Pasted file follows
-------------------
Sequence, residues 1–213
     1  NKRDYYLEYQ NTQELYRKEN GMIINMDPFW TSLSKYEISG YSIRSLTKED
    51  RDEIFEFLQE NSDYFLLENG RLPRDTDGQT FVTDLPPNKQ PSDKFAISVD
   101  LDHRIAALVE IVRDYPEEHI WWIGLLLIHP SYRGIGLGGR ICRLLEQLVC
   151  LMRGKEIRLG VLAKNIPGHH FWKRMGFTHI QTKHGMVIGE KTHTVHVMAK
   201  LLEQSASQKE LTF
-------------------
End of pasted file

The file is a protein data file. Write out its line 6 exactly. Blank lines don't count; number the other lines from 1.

   201  LLEQSASQKE LTF